Musée Condos, Toronto, by Plaza, Quadrangle ArchitectsMusée in December of 2015, image by UT Forum contributor Jasonzed

Directly neighbouring Musée, Harhay and Carttera's oneeleven Condominiums is bringing another Core Architects design to the Entertainment District, this time on Bathurst Street. Unlike the sleek and slender 87 Peter and The Bond to the east, oneeleven's playful formal irregularity gives the building a somewhat unorthodox aesthetic. As seen with Saucier + Perotte's Thompson Residences, the use of extruding rectilinear volumes adds distinctive texture to the building's exterior. The 17-storey, 255-unit building is currently targeted for a late 2016 completion date. 

oneeleven Condominiums, Harhay, Carterra, Core Architectsoneeleven Condominiums in early December, 2015, image by UT Forum contributor neuhaus

Finally, Lifetime and Ink Entertainment's Bisha Hotel and Residences will top off this year on Blue Jays Way south of King. Designed by Wallman Architects, the 44-storey hotel tower—named for the childhood moniker of INK Entertainment founder Charles Khabouth—targets a 2017 completion date, though the building is already beginning to make an impact on the area skyline. 

Aisha condo and hotel Toronto, Wallman Architects for Lifetime DevelopmentsBisha, as of mid-December, by UT Forum contributor G.L. 17

More Construction

Besides the numerous projects expected to reach completion or top off by the end of the year, a significant number of Entertainment District developments will see either continued progress or construction launch in 2016. Just across the road and north of Bisha at King and Blue Jays Way, the Greenland Group's King Blue is expected see heritage preservation, excavation, and the pouring of foundation levels this year. Designed by Page + Steele / IBI Group, King Blue's 48 and 44 storey towers—which broke ground late last year—are still some way from impacting the skyline, with the buildings expected to rise throughout 2017 as well. 

King Blue, Toronto, by Greenland Group, Page + Steele / IBI GroupA rendering of King Blue, looking southeast, image courtesy of Greenland Group

Further west along King Street, Allied Properties REIT and RioCan's King Portland Centre (previously known as 620 King West) is expected to start construction this year. The mixed-use complex will rise from a red brick podium, incorporating laneways and woonerfs throughout the site, as well as a green roof atop the 15-storey building. Hariri Pontarini's design, which has been well received by our readership, will begin to make its presence felt in 2016 as construction starts. The project will bring new retail, office space, and 116 residential units to the market.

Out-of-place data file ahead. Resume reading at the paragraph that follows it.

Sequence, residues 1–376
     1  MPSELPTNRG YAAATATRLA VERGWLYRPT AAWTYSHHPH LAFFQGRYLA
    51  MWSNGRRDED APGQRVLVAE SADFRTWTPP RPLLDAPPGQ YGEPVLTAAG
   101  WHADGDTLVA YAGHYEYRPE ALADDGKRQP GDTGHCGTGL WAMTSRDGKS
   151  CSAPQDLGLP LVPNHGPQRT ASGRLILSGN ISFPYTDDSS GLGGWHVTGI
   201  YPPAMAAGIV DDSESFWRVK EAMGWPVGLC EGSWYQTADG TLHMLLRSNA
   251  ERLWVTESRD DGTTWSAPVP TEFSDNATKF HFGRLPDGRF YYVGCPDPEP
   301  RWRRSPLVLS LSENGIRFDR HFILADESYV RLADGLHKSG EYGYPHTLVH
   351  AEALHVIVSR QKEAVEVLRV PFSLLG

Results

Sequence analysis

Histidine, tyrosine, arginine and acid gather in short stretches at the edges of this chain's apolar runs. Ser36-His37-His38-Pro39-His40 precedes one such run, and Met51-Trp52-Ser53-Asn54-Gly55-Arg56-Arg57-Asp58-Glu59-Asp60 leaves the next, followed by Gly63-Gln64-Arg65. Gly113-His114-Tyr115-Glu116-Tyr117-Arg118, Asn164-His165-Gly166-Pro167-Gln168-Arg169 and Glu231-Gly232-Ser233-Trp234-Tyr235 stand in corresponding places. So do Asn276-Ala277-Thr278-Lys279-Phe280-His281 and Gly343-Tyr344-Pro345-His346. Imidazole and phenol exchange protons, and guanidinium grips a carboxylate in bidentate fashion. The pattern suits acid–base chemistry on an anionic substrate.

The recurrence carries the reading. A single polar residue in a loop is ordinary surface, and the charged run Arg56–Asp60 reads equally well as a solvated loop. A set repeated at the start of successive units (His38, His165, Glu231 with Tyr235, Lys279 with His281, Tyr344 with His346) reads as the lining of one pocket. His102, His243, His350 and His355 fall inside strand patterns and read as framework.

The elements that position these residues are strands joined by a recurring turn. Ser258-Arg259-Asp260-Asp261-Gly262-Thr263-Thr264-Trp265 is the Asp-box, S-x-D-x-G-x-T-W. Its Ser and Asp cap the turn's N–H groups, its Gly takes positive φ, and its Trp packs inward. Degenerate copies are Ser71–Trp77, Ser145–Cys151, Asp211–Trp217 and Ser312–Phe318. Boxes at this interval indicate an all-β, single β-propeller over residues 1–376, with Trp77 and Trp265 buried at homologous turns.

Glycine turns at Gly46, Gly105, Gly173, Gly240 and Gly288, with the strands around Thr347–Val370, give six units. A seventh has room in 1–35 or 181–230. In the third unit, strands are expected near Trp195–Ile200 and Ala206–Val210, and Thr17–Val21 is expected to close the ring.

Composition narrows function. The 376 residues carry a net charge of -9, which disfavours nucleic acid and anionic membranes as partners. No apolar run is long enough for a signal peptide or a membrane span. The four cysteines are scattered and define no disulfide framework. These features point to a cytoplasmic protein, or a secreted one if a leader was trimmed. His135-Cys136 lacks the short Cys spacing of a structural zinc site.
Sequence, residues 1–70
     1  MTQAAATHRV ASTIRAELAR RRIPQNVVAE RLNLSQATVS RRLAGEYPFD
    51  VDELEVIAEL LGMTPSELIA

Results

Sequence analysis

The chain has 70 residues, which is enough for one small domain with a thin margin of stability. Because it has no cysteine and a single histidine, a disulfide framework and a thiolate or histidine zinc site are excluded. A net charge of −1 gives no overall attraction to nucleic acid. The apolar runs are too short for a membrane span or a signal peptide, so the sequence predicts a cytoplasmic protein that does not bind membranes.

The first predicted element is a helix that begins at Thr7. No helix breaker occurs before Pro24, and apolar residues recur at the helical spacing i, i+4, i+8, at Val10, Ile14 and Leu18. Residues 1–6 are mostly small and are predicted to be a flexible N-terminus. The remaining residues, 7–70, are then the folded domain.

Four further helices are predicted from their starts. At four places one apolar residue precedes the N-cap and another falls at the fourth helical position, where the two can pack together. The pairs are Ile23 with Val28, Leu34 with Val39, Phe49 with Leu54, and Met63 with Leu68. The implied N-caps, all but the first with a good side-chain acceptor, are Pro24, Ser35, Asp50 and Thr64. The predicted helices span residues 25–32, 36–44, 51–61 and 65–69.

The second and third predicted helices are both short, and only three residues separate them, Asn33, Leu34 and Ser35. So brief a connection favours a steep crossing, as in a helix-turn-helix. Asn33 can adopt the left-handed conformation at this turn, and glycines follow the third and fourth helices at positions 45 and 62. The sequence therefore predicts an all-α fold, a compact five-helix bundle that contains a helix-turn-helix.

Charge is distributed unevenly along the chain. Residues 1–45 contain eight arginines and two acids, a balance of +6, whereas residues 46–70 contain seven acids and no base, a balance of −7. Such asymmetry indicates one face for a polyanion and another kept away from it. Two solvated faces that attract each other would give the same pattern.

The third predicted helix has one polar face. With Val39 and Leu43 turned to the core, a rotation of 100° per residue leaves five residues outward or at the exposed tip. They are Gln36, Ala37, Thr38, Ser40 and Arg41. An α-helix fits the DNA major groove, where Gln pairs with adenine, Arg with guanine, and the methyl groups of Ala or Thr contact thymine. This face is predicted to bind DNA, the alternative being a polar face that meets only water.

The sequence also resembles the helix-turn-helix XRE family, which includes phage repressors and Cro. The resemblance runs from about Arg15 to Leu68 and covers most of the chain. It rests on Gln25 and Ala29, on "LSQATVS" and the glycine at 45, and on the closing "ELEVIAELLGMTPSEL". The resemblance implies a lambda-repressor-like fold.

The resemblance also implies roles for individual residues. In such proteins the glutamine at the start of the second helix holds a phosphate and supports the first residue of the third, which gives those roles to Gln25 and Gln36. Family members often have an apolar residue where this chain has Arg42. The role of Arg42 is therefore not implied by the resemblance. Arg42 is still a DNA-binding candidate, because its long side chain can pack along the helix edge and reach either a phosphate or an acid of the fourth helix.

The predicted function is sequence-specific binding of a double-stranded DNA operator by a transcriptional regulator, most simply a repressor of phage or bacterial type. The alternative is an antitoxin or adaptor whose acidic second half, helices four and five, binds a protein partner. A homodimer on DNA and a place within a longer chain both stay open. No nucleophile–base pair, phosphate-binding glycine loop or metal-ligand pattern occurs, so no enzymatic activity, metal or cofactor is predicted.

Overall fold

King Portland Centre, Toronto, by Allied REIT, RioCan, Hariri Pontarini Looking northwest at the King Portland Centre, image courtesy of Allied/RioCan

Lamb and Fortress' Harlowe Condos is also expected to begin construction this year, with the 13-storey Core Architects-designed building set to feature 222 residential suites. Located on Richmond just east of Bathurst, the design is inspired by the warehouses and industrial buildings that long characterized the area, with Core Architects tailoring the design language of industrial architecture to suit modern residential needs. 

Harlowe Condos, Toronto, by Lamb, Fortress, Core ArchitectsHarlowe Condos, looking east on Richmond Street, image courtesy of Lamb/Fortress

The first phase of the Wallman-designed Minto Westside may start construction this year and begin to assert its presence along the Bathurst corridor. Located at Bathurst and Front, the Minto Group building's cutaways and precast grid armature suggest a contemporary Dutch influence, with the bold design certain to become a distinctly recognizable presence in the area.

Minto Westside, Toronto, by the Minto Group, Wallman ArchitectsA look at Minto Westside's distinctive form, image courtesy of the Minto Group

With the impressive QRC West now open, the project's second phase is also expected to begin construction this year. The smaller second (and final) phase of the Allied REIT development will see a mid-rise addition negotiate the space between the modern office tower and the comparatively low-rise streetscape of Queen West to the north. Both phases of the project are designed by Sweeny &CO Architects in collaboration with Stephenson Engineering.

QRC West, Toronto, by Allied Properties REIT, Sweeny &Co ArchitectsThe future phase of QRC West is seen in the foreground, image courtesy of Allied REIT

Future Growth to Watch For

2016 is shaping up to be a big year for development in the Entertainment District, with a glut of projects expected to contribute to the area's ongoing densification. However, with some of the largest and most transformative developments planned for the area set for a later time-frame, we can expect substantially more construction activity in the near future. In particular, some of Toronto's most ambitious—and tallest—projects are expected to begin sales this year, including the landmark Mirvish + Gehry development on King Street, as well as The Well, a seven-building mixed-use community on Front Street just west of Spadina. Theatre District Condos, PJ Condos, and 330 Richmond (formerly Gloss Condos) are also expected to launch into sales this year, gearing up to contribute further density to the area. 

A large number of Entertainment District projects are also currently making their way through the planning process, including the two large towers—350 Adelaide West and Carlyle Condos—recently announced on Peter Street. Projects like the Ace Hotel, 19 Duncan, 401-415 King West Condos, 15-35 Mercer, and 400 Front Street West, are also currently in the midst of the City's planning process. A 56-storey proposal at 217 Adelaide West—just west of Mirvish + Gehry—is now slated to be reviewed by the OMB. 388 King West has already been approved, meanwhile, though the project targets a later construction timeline. A high-rise proposal at 40 Widmer Street has also been recommended for approval, and is slated to be reviewed by City Council in February. 

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Over the coming weeks, we will continue our Growth to Watch For series with frequent updates. Each story will present a comprehensive overview of one of Toronto's development nodes. To find out more about individual developments, check out the dataBase files for each project, linked below. Want to share your thoughts on the projects that are re-making the Entertainment District? Leave a comment in the space below, or join in the ongoing discussions on our associated Forum threads.